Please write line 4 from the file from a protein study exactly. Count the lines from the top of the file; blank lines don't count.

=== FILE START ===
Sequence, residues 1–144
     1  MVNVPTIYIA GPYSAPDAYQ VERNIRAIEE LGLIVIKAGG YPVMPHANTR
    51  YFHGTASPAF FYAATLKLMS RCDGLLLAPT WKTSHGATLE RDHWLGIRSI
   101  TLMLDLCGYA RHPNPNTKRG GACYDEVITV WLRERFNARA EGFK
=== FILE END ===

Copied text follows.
   101  TLMLDLCGYA RHPNPNTKRG GACYDEVITV WLRERFNARA EGFK